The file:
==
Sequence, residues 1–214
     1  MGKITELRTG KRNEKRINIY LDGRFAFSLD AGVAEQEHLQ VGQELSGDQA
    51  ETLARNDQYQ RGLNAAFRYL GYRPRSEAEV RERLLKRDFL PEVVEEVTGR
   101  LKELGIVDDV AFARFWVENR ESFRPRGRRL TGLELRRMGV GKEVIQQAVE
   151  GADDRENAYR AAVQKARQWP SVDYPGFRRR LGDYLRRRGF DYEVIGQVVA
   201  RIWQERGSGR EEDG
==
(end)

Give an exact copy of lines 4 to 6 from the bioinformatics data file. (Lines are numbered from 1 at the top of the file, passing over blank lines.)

   101  LKELGIVDDV AFARFWVENR ESFRPRGRRL TGLELRRMGV GKEVIQQAVE
   151  GADDRENAYR AAVQKARQWP SVDYPGFRRR LGDYLRRRGF DYEVIGQVVA
   201  RIWQERGSGR EEDG